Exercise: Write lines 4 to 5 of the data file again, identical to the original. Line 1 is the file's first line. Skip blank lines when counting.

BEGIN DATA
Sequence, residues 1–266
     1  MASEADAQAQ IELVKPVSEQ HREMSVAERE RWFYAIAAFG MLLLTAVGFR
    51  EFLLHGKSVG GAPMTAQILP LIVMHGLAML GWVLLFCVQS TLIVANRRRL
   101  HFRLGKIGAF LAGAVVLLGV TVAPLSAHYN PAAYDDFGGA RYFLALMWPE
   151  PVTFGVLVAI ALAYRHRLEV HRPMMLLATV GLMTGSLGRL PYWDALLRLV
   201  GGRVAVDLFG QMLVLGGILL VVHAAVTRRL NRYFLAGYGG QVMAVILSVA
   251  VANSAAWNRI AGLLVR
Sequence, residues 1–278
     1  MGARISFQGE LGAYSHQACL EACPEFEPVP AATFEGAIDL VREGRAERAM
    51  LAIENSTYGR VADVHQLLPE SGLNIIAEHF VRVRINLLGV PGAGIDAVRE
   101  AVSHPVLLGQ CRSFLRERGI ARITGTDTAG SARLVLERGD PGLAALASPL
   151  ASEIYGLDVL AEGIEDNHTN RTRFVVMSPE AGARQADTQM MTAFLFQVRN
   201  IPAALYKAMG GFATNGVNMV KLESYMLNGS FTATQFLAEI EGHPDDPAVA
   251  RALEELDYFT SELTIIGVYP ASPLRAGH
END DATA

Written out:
   101  HFRLGKIGAF LAGAVVLLGV TVAPLSAHYN PAAYDDFGGA RYFLALMWPE
   151  PVTFGVLVAI ALAYRHRLEV HRPMMLLATV GLMTGSLGRL PYWDALLRLV